Matthew Tyler Webb, the LaFayette, Ga., man who shot a girl last year, then started dating her only to lose her later, pleaded guilty last week to committing a series of wayward hunting mistakes.
Last November, according to the Georgia Department of Natural Resources, Webb smoked methamphetamine and hung out on the roof of his mother's house with Audrey Marie Mayo, a girl he had been flirting with for a couple of months. He thought he saw deer across the street, so he grabbed a rifle and plunged into the woods.
On the roof, Mayo believed she heard Webb calling for her, asking her to bring him a knife. So she walked across the street, too. She announced herself -- but not too loudly.
"I was doing like a half yell," she later said. "I didn't want to scare the deer away."
Hearing a rustling but seeing nothing, Webb fired a shot. He hit Mayo's leg, slicing through a vein in her thigh. She went to the hospital, where she almost died. Then, they began to date.
Editor's note: A previous version of this article said that Webb would go on probation for 18 months. He will go on probation for 18 years.
A year later, on Nov. 6, Webb pleaded guilty to a series of crimes. He will be on probation for 18 years. Meanwhile, his relationship with Mayo seems to have ended unceremoniously. As a condition of his probation, he must stay away from her.
Mayo did not return a call seeking comment Thursday.
But last year, she talked about how she forgave Webb for almost killing her. She felt sorry for him, and how badly he must have felt for shooting her. They weren't a couple at the time, but she was attracted to him. He seemed nice. Responsible, too.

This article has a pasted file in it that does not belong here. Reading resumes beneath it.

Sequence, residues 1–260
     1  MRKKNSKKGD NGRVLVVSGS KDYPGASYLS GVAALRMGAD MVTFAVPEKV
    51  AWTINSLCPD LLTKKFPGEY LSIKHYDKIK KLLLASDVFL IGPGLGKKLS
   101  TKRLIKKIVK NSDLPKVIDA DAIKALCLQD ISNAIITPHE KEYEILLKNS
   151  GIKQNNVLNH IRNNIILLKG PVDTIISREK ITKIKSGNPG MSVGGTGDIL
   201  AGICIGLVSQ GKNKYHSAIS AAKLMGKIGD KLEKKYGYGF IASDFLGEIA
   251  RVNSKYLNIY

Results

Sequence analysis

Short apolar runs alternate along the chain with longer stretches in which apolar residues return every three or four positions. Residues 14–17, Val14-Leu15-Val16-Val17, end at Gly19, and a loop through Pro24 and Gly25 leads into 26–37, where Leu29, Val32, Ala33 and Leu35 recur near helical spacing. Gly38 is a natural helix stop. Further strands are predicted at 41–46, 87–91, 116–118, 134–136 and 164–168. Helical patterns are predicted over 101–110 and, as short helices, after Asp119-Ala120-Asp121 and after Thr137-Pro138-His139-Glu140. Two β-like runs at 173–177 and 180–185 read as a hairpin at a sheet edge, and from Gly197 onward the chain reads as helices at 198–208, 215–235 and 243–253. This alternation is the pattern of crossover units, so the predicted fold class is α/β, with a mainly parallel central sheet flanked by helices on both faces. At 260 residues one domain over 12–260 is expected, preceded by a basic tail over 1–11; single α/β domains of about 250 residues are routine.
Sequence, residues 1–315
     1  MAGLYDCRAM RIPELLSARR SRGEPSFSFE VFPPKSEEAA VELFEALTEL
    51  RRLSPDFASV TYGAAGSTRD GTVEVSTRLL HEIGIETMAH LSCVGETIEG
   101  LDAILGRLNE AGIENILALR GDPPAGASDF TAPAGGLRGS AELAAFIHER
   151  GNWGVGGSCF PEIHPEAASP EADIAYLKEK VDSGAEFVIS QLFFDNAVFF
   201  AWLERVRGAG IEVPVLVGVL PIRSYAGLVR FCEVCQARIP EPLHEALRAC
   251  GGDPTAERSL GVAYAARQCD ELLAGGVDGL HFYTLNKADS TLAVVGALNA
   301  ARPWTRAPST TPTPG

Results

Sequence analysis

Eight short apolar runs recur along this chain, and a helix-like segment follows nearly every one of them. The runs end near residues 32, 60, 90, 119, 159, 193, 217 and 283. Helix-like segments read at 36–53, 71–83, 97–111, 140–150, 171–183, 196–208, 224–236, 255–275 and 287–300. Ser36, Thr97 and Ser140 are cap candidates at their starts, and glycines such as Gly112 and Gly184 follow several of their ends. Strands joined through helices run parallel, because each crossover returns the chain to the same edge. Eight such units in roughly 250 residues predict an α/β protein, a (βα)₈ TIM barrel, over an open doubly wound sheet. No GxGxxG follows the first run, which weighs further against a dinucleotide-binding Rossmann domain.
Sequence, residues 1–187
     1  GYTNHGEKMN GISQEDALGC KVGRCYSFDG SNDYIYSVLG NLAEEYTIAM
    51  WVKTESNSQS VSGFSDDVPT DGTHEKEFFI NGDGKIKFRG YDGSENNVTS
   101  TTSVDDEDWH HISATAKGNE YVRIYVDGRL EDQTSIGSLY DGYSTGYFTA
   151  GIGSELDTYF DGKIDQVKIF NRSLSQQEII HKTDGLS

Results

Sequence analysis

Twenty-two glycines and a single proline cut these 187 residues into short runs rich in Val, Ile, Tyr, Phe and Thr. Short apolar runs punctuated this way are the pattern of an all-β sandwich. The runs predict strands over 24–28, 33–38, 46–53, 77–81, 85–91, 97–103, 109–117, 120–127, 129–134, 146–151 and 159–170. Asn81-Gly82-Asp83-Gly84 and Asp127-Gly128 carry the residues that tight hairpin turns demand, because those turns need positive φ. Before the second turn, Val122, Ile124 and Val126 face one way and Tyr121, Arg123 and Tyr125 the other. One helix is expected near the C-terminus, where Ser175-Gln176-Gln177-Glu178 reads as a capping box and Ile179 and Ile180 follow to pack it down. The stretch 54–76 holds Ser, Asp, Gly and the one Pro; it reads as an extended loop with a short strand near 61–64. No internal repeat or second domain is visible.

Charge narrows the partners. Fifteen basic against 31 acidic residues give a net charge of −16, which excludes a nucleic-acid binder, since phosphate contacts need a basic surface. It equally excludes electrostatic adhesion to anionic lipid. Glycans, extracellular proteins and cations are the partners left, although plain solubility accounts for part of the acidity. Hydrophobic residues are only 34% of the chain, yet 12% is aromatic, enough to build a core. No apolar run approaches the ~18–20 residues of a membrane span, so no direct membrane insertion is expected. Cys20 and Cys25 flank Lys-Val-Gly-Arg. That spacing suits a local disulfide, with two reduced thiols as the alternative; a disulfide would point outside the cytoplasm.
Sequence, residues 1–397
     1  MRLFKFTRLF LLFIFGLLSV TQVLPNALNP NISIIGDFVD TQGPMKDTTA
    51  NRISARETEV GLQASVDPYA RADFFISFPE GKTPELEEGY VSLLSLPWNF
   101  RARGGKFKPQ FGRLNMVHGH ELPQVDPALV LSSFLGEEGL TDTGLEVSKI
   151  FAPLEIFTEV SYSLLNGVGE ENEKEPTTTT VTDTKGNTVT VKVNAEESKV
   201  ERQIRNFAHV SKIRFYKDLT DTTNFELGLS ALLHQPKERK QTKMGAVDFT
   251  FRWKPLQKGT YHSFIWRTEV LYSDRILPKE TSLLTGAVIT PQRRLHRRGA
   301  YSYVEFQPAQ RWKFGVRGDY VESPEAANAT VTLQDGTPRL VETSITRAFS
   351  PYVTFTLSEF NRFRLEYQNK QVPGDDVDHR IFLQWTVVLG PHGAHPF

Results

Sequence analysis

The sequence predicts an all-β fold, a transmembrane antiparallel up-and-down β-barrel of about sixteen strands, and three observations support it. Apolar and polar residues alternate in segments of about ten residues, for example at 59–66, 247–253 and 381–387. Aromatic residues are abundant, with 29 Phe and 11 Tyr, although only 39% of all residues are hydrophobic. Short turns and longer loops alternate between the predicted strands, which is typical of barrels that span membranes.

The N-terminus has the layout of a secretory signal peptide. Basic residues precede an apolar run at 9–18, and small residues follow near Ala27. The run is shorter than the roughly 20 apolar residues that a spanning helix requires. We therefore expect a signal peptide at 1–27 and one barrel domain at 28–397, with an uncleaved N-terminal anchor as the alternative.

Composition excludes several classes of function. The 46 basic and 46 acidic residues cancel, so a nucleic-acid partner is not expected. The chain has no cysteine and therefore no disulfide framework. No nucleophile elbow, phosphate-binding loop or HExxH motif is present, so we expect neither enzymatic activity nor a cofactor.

After the shooting, she awoke at Erlanger hospital and found him in the room, clutching a note he had written. He wanted to apologize to her but was nervous, so he planned a speech.
They became an official couple, and he moved in to take care of her.
The Department of Natural Resources charged Webb with a series of crimes: misuse of hunting equipment, hunting under the influence, hunting with an unlawful weapon, hunting without a valid license, hunting without a big-game license, discharging a gun near a highway or a street, discharging a firearm on someone else's property and failure to wear fluorescent orange clothing.
The penalties for the charges varied. Misuse of hunting equipment carried a penalty of up to 10 years in prison. The other charges carried one-year sentences. He also could have been forced to pay a $100,000 fine.
After the shooting, Mayo and Webb's relationship garnered national headlines. The New York Daily News wrote about them. So did Gawker. "Saturday Night Live" even featured them on a segment of "Weekend Update."
"In Georgia," cast member Cecily Strong told the audience, "[any gunshot] that's not in the chest or face is just flirting."
Contact staff writer Tyler Jett at email@example.com or 423-757-6476.
News report from the shooting: